• …you can’t take the same actions as everyone else and expect to outperform.
  • By definition, non-consensus ideas that are popular, widely held or intuitively obvious are an oxymoron.
  • Most great investments begin in discomfort.
  • To succeed at any activity involving the pursuit of gain, we have to be able to withstand the possibility of loss.
  • But it’s crippling to have to avoid all failures, and insisting on doing so can’t be a winning strategy.  It may guarantee you against losses, but it’s likely to guarantee you against gains as well.
  • I’m convinced that everything that’s important in investing is counterintuitive, and everything that is obvious is wrong.
  • Unconventional behavior is the only road to superior investment results, but it isn’t for everyone.  In addition to superior skill, successful investing requires the ability to look wrong for a while and to survive some mistakes.

Great results will not come without discomfort, and not without risking looking wrong.  If you can’t stand discomfort or looking wrong–even temporarily–then you must be willing to save a lot more money (which means spend a lot less of what you make) to reach a successful retirement.

Nothing in this blog should be considered investment, financial, tax, or legal advice. The opinions, estimates and projections contained herein are subject to change without notice. Information throughout this blog has been obtained from sources believed to be accurate and reliable, but such accuracy cannot be guaranteed.

Succeeding unconventionally

Investment advice isn’t only about maximizing returns

Generating above average returns isn’t the only way investment advisers help clients.

As Vanguard has recently pointed out, investors on their own tend to make bad mistakes that destroy returns over time.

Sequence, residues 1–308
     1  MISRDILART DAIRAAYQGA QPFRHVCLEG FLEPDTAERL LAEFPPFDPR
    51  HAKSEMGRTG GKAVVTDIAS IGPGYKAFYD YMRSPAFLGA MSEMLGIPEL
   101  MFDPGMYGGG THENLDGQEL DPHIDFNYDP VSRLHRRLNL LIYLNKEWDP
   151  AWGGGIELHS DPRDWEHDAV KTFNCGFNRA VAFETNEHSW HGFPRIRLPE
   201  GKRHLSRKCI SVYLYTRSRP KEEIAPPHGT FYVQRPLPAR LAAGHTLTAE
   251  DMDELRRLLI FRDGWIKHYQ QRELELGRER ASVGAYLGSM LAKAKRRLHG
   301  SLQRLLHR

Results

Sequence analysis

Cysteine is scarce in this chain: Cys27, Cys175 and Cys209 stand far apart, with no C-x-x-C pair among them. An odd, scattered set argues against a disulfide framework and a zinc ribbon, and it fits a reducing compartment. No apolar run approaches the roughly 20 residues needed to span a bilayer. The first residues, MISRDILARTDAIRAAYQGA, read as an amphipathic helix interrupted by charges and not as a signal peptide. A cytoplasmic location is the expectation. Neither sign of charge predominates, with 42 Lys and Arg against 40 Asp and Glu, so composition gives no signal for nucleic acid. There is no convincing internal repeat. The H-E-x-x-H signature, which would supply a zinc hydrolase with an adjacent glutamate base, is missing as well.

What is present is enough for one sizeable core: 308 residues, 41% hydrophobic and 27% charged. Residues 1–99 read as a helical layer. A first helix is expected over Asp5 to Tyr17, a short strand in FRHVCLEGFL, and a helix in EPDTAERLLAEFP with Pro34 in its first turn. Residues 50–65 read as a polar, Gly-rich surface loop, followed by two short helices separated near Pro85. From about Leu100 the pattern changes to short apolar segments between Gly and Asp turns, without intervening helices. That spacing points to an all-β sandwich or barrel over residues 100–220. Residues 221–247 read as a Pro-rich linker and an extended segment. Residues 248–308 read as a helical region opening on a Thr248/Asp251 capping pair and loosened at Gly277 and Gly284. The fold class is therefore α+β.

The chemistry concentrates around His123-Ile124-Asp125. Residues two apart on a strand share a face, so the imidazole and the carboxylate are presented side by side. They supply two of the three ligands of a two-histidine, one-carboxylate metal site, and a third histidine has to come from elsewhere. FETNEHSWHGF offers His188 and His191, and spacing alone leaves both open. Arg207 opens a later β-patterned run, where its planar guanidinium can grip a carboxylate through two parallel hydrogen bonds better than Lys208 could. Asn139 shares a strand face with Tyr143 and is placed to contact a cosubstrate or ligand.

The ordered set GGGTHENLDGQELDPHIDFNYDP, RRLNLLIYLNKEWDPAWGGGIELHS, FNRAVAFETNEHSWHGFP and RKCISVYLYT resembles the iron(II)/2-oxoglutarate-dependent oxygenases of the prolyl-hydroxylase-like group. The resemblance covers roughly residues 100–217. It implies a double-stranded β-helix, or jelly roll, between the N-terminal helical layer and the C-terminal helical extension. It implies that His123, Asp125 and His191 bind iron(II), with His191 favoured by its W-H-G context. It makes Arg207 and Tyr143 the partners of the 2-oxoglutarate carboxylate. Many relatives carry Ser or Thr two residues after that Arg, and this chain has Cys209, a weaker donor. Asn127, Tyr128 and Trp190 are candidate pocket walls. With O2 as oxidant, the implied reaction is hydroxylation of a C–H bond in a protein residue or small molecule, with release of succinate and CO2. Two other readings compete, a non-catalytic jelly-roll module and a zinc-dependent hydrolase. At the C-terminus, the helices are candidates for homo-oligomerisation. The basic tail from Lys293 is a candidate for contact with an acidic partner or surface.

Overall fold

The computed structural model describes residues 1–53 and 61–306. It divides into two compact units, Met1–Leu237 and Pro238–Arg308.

Investment advisers can help their clients make better decisions in key areas that dramatically impact long run returns:

  • keeping clients on an even keel emotionally by guiding them to be fearful when others are greedy and greedy when others are fearful
  • guiding clients toward tax-efficient investing without making tax planning an all-consuming goal
  • keeping client investment costs low
  • guiding clients to rebalance their portfolios: selling what has gone up and buying what has gone down

According to Vanguard, such measures can improve an investor’s returns by as much as 3% a year.

I agree with Vanguard’s findings and believe it highlights what many investors may be missing: investment advisers help clients reach their goals not just through investment selection, but by providing prudent and effective advice that can significantly impact returns over time.

Nothing in this blog should be considered investment, financial, tax, or legal advice. The opinions, estimates and projections contained herein are subject to change without notice. Information throughout this blog has been obtained from sources believed to be accurate and reliable, but such accuracy cannot be guaranteed.

Investment advice isn’t only about maximizing returns